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I was born in Figueira da Foz, a coastal town in Portugal, between Porto and Lisbon.
I grew up in various cities in Portugal and Africa. My father was in the military, a colonel in the Portuguese army, and for many years was stationed in Africa in what were then the Portuguese colonies. Thus, our family lived in Guinea-Bissau and in Angola.

 These travels made quite an impression on me, although it wasn't even so much the confrontation with the exotic environment and the black African population that caused it. It was particularly the enormous distance that remained foremost in my mind. To go from Lisbon to Luanda one had to travel a total of 7,291 kilometres. Lisbon-Luanda, a sea journey (2003), which is composed of dozens of spools of thread, makes those two ports visible and is an exact match of this travel distance.

 This installation illustrates fascinations that appear in all my work: the desire to explore abstract entities and to make them visible through the use of, preferably historical, or contemporary domestic materials. No household is without a spool of thread and one always remembers those sewing implements from childhood, from grandma's sewing box, where most spools, with threads trailing from them, were twisted together into a large tangled ball.

 In my installation the spools are used in a more neutral way. They are presented as hard cores with a specific number of metres, namely 300 metres of thread, wound around them. That way the spools are lifted out of the realm of sentiments and anecdotes. The spool of thread has lost its domesticity. At the same time the yardage, the precisely calculated amount of thread would around it, changes from being abstract to being visible.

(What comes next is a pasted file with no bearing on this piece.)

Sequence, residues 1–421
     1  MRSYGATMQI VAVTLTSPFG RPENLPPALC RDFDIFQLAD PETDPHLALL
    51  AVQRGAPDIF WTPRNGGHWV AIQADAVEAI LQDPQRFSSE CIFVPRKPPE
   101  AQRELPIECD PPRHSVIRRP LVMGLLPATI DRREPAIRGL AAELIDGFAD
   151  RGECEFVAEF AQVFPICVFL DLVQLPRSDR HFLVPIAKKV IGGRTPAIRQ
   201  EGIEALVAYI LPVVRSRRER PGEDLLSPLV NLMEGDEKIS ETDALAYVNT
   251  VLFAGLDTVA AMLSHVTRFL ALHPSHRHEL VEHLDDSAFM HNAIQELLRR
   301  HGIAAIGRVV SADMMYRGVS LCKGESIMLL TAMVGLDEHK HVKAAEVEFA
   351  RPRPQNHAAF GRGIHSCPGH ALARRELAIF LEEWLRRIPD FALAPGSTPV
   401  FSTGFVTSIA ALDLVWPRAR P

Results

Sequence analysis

In the large house that my grandfather built and the outside walls of which he had decorated with tiles depicting all kinds of memorable events, there was a room set aside for paper soldiers and cardboard tanks. This 'soldiers room' was always kept intact; along the walls were a dozen cabinets where hundreds of soldiers were neatly stored away. The soldiers, from around the world, were cut from paper by the Ferrand boys, meticulously and accurately painted so that they were recognisable by nationality, unit and rank. The painted soldiers were glued onto pieces of wood, so that they were stable and could be arranged in battle array on the tables in the middle of the room. The endless precision work of cutting and painting was interrupted from time to time for re-enactments of great historical battles. The contents of the soldiers room were later divided up, also among the girls, and thus I acquired my share of the paper warriors.

 Just like the distances, the enormous number of soldiers, carefully handcrafted and coming from all corners of the world, stirred in me a desire to present all these troops in an organized arrangement.

 I became aware that a beautiful counterpart of this form of expression exists in the world of women, who in the past and present occupied, and still occupy, themselves with decorative needlework. Just as in the army troops of soldiers, engaged in battle or marching, display certain well organised and colourful patterns, women use uniform pieces of fabric to make simple, or sometimes outrageous, quilts and molacunas, and yarn can be tied, laced, crocheted or knitted together in an orderly pattern to form useful and elegant textiles. I use the paper soldiers as if they were pieces of fabric or ends of yarn. Out of that male soldiers' domain I create a more feminine domain: 'soldiers lace', 'rugs' and colourful tapestries, 'wall hangings' and 'tiles'.

Guiné-Bissau, Guiné

Silva Porto, Angola